The SBA released an updated breakdown of PPP lending through June 6th which provides at least a partial answer to this question.  For instance, it appears that the second round of the PPP has done a better job of getting smaller institutions involved in the program.  According to SBA statistics, as of June 6th, 721 credit unions with less than $1 billion in assets have made more than 57,000 loans worth close to $2.9 billion.  Unfortunately I can’t find any statistics breaking down the performance of credit unions with over $1 billion in assets.  It is also not clear to me if the credit union total includes CDFI credit unions.  Incidentally, CDFIs have made over 95,000 loans worth over $7 billion.

Looking at the big picture, California, Texas and New York companies lead the way in PPP loans and the lending program is being led by JPMorgan Chase which accounts for 4.3% of all loans being made.

If you look at the top 15 lenders, not surprisingly, the program is being dominated by larger regional banks many of which have an established comfort level with small business lending in general and SBA loans in particular.  Perhaps when things get back to the “new normal” one of the areas that can be examined is the perceived difficulty in making SBA loans and whether changes can be made to help credit unions and other small financial institutions develop a greater comfort level with the SBA.

When I say this type of thing to grizzled veterans they get a bemused look on their face and brace for me to start singing “kumbaya”.

 

June 9, 2020 at 9:16 am Leave a comment

Powell to Congress: Spend More Now for a Stronger Economy Later

There are two questions we will know the answer to in about six weeks that will profoundly impact your credit union and its members.  The first question is how quickly can the country reopen for business without sparking a surge in COVID-19 cases?  The second question is how much additional stimulus does the country need?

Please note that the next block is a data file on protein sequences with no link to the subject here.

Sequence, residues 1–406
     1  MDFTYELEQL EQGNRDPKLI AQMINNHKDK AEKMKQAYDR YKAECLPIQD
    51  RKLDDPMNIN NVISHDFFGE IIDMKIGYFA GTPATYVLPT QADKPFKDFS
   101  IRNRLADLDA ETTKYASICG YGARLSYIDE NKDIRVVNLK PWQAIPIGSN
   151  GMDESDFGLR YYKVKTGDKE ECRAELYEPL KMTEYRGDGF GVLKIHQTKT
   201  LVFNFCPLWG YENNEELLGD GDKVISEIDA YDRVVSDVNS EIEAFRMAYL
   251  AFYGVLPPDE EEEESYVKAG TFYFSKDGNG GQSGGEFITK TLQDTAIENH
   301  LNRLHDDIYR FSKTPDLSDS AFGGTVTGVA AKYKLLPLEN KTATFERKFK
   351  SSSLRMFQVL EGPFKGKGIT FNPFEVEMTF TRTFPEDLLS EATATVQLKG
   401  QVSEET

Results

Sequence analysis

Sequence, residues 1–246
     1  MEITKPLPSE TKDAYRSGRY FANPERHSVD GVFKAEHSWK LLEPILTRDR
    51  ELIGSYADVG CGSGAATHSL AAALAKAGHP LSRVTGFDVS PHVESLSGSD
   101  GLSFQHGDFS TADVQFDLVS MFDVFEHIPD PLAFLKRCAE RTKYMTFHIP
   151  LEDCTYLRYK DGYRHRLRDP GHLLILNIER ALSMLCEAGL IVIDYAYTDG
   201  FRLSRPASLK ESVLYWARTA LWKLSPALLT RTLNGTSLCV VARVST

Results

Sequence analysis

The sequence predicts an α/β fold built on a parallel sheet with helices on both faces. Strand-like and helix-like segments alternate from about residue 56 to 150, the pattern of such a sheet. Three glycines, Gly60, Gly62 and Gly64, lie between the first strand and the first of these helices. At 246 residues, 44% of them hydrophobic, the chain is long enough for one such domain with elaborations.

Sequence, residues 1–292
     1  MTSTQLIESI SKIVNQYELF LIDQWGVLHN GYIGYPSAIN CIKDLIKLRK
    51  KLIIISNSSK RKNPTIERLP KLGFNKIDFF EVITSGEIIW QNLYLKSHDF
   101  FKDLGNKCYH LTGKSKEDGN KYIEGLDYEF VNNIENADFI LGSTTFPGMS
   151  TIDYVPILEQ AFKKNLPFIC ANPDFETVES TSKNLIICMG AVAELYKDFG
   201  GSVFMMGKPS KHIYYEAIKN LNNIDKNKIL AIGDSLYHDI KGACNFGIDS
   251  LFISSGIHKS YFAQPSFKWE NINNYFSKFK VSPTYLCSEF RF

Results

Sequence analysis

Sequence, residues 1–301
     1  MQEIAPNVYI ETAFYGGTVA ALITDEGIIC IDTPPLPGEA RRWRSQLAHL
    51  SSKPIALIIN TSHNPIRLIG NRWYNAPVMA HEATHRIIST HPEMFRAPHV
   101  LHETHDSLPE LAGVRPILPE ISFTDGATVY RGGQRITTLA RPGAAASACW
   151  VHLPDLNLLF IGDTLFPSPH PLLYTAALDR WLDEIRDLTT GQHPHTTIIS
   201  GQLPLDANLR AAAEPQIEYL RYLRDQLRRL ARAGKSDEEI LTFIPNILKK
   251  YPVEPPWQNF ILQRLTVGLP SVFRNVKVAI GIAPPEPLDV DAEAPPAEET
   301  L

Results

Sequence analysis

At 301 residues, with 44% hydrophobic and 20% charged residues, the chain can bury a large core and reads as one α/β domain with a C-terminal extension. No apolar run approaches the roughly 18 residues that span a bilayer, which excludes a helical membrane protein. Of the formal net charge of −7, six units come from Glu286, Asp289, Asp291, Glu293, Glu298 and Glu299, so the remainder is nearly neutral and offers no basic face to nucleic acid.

Over the last week Federal Reserve Chairman Jerome Powell has made his answer to the second question abundantly clear; while the Fed has taken extraordinary steps to provide loans to banks, businesses and even municipalities, only Congress can give the country the economic lifeline it needs to not only get through the pandemic, but to make sure it comes back stronger next year.

The focus of his presentation has not simply been to explain the short term steps the Fed has taken but to stress that only Congress can spend money.  In a speech last week, Powell scrapped the maddeningly opaque language for which the Fed is known.  His concern is that without additional spending the economy could be in for an extended period of “low productivity growth and stagnant incomes”.  He went on to explain that “additional fiscal support could be costly but worth it if it helps to avoid long term economic damage and leaves us with a stronger economy”.

Just to make sure we didn’t miss the point, he reiterated many of the these same points in a 60 Minutes interview last night.  It will be interesting to see how big of an impact this media blitz has on legislators reluctant to spend another trillion dollars before assessing the economic impact of the fiscal stimulus already provided by Congress.

And let’s not forget the first question I asked; if the summer months bring about a second wave of COVID-19 cases, particularly in states not prepared to cope with a surge of hospitalizations, then none of these steps will be good enough to prevent what could become a Depression.

SBA Releases Borrower Forgiveness Form